Plot: Bronson Pearl (Richard Nester) is known around the world for his news reports, but as he covers an ever escalating situation in the Middle East, he seems to be on the front lines of the biggest news in decades. Tensions continue to rise and world war could break out at any second, but Pearl remains entrenched and back in the studio, his friend and fellow news reporter Helen Hannah (Leigh Lewis) is guiding the audience through the turbulent times. Just as the pressure boils over and nuclear weapons are launched by multiple nations, sudden disappearances rock the world. Those who vanished left behind their clothes, but not a trace of what happened, leading some to believe it was a new weapon, while others insist this is a foretold rapture. As mankind faces a dark, unknown future, who will step forward to lead as chaos erupts and what will the power shifts mean to those who survive?

Entertainment Value: Apocalypse is the first installment in a four movie franchise that explores a post apocalyptic world after the biblical rapture and as the Antichrist rises to power. This was made to cash in on the Left Behind movement, so it is squarely aimed at the Christian crowd and makes no real effort to appeal to viewers outside of that main demographic. The sequels would put in a little more effort in that regard, using some famous faces to lure in potential new watchers, but this first movie is much lower budget and simplistic in approach. The narrative invests some time in setting up the rapture’s impact on the world and how the Antichrist seizes power, but mainly examines the bond between the two lead characters. Helen wants to open Bronson’s eyes to what is going on, but as he is a man of “news” not religion, that isn’t a smooth process. So there is a larger scale background story going on, but the core of the movie is more intimate and as the series rolls on, Helen stays in the central position. If you’re here for the religious message, you might appreciate Apocalypse, but there’s little to praise in terms of entertainment. The movie has a glacial pace and lacks even the b movie appeal some of the more ludicrous Christian movies possess, as the tone stays serious and straight forward throughout. So outside of the Christian crowd, I can’t recommend this one whatsoever.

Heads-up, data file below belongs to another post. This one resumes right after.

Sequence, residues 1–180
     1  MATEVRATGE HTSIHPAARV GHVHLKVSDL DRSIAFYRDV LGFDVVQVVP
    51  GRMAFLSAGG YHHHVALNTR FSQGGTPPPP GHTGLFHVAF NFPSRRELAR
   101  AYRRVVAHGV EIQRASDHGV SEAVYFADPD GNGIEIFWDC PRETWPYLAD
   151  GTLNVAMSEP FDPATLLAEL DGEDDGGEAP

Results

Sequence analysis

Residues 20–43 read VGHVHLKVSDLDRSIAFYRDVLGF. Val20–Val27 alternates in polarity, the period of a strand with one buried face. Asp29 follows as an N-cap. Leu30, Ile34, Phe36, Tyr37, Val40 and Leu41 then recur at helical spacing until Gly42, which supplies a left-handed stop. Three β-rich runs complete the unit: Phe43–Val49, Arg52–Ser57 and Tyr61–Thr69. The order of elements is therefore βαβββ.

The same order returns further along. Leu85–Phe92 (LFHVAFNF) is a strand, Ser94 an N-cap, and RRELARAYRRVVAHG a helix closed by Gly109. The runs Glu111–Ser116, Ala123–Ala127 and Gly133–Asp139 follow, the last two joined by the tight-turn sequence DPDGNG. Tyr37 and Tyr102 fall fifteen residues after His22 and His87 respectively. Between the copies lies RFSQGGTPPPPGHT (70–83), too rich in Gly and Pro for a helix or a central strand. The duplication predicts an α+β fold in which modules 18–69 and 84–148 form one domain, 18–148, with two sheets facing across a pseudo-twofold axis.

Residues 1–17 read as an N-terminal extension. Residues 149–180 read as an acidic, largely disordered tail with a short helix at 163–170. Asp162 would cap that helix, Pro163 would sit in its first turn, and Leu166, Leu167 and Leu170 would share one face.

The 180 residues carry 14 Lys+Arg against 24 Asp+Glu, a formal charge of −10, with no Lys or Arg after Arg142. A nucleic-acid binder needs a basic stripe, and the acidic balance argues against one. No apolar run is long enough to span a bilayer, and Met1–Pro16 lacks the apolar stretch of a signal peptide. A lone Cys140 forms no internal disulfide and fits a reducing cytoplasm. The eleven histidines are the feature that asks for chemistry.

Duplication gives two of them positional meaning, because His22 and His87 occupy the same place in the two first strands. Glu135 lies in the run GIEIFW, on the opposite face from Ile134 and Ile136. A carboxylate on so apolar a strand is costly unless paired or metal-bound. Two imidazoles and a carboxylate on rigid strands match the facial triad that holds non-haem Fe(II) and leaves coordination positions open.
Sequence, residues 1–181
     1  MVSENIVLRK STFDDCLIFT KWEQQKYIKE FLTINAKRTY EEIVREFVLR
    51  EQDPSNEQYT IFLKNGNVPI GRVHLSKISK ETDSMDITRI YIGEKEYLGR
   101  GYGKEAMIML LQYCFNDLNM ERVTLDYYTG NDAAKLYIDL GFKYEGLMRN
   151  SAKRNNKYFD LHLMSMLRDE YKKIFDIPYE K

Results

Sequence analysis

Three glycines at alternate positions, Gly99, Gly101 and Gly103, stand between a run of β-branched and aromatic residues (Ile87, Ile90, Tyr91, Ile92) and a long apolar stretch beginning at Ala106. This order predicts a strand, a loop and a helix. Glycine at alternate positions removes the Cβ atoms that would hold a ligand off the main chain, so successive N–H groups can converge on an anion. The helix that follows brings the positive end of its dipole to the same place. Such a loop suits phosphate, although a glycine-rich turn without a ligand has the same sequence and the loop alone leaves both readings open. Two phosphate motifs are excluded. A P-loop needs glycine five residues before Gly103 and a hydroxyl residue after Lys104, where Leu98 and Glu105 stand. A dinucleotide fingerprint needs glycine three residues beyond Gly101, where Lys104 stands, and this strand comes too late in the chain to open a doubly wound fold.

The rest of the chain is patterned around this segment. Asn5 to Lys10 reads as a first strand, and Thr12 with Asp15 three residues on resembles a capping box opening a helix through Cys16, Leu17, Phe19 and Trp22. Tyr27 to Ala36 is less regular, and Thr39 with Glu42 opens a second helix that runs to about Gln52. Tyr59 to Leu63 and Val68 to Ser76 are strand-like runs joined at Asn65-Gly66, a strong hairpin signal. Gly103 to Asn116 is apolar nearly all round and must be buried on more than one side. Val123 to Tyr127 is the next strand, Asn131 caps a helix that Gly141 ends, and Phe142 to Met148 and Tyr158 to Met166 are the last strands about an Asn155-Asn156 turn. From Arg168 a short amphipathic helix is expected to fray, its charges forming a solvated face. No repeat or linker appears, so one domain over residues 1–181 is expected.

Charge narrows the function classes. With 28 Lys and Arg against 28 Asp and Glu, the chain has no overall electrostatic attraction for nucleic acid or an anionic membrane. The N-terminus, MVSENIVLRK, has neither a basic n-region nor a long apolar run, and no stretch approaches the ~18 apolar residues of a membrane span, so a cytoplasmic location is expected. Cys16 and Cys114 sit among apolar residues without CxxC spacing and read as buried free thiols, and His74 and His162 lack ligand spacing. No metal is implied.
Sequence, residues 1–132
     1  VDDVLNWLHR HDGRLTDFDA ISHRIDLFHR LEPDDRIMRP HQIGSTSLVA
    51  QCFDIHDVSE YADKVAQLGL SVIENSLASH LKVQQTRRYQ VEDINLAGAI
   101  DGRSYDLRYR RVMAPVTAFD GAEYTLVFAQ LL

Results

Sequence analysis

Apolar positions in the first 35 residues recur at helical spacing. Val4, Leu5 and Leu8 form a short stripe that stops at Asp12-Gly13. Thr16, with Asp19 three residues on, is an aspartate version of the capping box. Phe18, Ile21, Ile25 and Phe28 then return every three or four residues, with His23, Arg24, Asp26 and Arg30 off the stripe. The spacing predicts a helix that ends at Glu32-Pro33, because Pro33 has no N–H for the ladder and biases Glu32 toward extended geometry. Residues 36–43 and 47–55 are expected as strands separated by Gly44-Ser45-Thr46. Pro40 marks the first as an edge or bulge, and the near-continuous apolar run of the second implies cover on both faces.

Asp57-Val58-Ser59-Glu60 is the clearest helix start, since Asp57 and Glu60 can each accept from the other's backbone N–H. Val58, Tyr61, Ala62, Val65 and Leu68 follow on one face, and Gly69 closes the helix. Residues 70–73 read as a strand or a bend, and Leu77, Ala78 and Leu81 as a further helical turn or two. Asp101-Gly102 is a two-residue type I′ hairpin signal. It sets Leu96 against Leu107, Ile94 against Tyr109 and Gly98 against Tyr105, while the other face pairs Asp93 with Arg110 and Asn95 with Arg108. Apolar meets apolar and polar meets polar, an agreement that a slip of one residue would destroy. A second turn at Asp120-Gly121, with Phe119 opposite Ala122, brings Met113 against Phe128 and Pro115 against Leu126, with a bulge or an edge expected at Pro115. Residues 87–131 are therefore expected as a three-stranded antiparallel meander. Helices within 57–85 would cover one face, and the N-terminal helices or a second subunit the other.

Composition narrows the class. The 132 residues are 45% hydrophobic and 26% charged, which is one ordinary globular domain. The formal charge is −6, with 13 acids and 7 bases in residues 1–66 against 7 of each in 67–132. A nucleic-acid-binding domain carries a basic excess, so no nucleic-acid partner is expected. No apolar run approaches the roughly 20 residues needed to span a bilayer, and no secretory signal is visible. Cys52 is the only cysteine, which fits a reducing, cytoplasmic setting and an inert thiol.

This series rotates in various guest stars and even recasts some of the prominent roles, but the one constant is Leigh Lewis as Helen Hannah. She appears in all of the movies and provides the central presence, as she goes from concerned news reporter to much maligned freedom fighter. I think her performance is fine, but none of the efforts in this first movie stand out at all. The material is bland and basic, so she doesn’t have much of a chance to shine and she isn’t even able to dial up the drama, as the script keeps things almost sedated. But Lewis does what she can with the material, which isn’t much, but it is one of the better turns in this first picture. Richard Nester on the other hand, is rather wooden and doesn’t quite the project the screen presence his character suggests, but is watchable. Not stilted enough to add much unintentional humor however, so that isn’t a bonus in this case. The cast also includes Shauna McDonald, Sam Bornstein, and Michael Halkusis.

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